DURBAN - KWAZULU-NATAL MEC for Co-operative Governance and Traditional Affairs (Cogta) Sipho Hlomuka has read the riot act to the nine municipalities under administration, warning that a further deterioration in their performances, including an inability to generate their own revenue, could lead to even more drastic measures being implemented.
The MEC held a meeting with the administrators of the municipalities on Wednesday in a bid to determine whether they were showing improvements and urged them to take unpopular decisions when necessary.
Some of the matters raised by administrators during the meeting include:
- The lack of support provided to the administrators by officials and councillors in some municipalities.
- The implementation of consequence management measures against errant officials who waste municipal resources through irregular and unauthorised expenditure.
- Concerns that some of the municipalities under administration continue to lose millions of rand as a result of their failure to improve revenue collection.
- Unfunded budgets in municipalities and how to better support municipalities in their budgeting process.
“As ministerial representatives, we expect you to always act in the interest of residents. The nature of the job that you have been appointed to requires you to take unpopular decisions which will assist the municipality,” said Hlomuka.
Hlomuka also expressed concern that some of the municipalities under administration continued to lose millions of rand as a result of their failure to improve revenue collection, with some of them experiencing lengthy blackouts as a result of the failure to invest in their electricity infrastructure.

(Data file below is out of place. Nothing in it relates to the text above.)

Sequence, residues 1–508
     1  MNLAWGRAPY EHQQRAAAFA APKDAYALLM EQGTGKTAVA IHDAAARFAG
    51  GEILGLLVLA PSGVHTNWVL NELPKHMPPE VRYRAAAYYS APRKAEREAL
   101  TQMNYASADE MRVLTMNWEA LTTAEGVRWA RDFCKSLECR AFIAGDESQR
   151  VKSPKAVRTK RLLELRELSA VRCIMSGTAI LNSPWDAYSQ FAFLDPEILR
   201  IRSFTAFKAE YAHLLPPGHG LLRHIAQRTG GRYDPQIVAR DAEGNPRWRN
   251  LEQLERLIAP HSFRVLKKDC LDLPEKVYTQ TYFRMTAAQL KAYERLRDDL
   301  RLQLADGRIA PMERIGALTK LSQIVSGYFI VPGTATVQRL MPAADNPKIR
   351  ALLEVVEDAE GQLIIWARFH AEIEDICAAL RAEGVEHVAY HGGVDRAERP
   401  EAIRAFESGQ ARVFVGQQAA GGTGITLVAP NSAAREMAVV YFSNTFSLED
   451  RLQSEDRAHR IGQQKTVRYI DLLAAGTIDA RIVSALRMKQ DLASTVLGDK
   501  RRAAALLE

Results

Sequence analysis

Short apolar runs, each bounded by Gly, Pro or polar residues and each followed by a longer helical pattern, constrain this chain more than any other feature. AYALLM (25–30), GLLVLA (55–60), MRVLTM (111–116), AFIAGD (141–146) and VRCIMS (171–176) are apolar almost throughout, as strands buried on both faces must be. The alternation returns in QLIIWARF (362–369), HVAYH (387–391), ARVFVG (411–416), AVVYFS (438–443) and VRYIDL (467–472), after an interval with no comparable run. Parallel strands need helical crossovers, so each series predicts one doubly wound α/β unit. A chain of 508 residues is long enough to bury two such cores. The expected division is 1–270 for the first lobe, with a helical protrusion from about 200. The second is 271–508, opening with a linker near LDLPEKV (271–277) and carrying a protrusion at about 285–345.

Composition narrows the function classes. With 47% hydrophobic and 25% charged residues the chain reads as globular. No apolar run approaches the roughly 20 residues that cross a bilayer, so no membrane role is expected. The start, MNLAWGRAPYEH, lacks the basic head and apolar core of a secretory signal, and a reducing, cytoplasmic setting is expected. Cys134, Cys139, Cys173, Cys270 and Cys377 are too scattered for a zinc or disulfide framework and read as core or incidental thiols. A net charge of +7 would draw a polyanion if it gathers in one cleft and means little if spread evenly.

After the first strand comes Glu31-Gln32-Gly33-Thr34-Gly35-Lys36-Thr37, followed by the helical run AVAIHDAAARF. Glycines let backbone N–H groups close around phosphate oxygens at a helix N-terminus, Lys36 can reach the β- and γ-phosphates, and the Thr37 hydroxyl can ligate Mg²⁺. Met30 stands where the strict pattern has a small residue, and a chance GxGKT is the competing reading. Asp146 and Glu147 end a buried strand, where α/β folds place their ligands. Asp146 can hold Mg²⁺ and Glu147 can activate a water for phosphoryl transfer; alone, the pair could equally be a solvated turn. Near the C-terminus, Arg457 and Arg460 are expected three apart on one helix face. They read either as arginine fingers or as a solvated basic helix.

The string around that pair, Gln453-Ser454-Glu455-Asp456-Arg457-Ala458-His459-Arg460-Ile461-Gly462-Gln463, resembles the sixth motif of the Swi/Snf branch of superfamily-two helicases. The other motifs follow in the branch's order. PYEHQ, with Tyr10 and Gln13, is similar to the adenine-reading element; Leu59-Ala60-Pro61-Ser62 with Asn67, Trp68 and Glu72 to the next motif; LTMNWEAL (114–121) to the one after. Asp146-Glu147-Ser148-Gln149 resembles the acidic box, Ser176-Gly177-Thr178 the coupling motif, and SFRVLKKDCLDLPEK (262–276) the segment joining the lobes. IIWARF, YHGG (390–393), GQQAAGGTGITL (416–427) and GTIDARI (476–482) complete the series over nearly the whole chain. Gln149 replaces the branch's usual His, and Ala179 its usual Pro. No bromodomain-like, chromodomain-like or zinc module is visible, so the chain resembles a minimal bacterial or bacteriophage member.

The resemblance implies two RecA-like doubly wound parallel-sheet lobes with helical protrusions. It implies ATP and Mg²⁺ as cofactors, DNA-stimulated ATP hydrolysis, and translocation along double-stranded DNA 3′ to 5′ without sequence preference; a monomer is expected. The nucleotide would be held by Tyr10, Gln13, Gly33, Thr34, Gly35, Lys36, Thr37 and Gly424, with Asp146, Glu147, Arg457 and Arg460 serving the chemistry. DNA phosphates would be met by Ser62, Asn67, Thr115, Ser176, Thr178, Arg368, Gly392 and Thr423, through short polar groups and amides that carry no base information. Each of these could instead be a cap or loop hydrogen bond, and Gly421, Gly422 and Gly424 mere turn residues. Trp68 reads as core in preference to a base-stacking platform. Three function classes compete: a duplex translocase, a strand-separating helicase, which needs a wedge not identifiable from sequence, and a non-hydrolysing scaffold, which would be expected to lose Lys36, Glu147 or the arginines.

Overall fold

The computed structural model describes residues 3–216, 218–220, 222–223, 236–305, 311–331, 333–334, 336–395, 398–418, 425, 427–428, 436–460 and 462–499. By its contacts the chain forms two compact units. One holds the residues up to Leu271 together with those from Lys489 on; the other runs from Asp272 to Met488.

The municipalities that are under administration are: Abaqulusi, Msunduzi, uThukela, Inkosi Langalibalele, Nquthu, uMkhanyakude, Mtubatuba, Mooi-Mpofana and uMzinyathi.
Some of the municipalities have been under administration more than once. Msunduzi was placed under administration in 2010 and again in April 2019.
Cogta spokesperson Senzelwe Mzila said all nine municipalities had been under administration at one point or another and in order to dissect the causes one would have to look at each municipality case by case.
He explained that the province also applies intervention types in accordance with the law.
He added that some of these municipalities are based in deeply rural communities and heavily rely on the equitable share from National Treasury, while other municipalities are under administration for a variety of issues, including governance failures, poor financial management, failure to deliver services to residents, institutional non-compliance and the failure to investigate irregular expenditure.
“It is important to point out that when a municipality is under Section 139(1)b intervention, the council is still expected to fulfil all obligations and responsibilities, meaning councillors can’t abdicate their responsibilities to the department,” said Mzila.
According to the spokesperson, the department has now assigned financial experts who will work with the administrators in order to implement turnaround plans in these municipalities.
“The deployment of the resources follows a thorough assessment following regressions in audit outcomes in some of the municipalities that are under administration.
“Governance and technical experts including engineers are also deployed as appropriate,” Mzila said.
According to him, the MEC had been firm in his call for any official or councillor accused of wrongdoing to be held accountable.
“On this front there has been significant progress as forensic investigations done in municipalities have led to officials being disciplined and some dismissed.
“Criminal cases have also been opened with the relevant law enforcement agencies,” said Mzila
The department was also investing in training for councillors so that they could exercise proper oversight.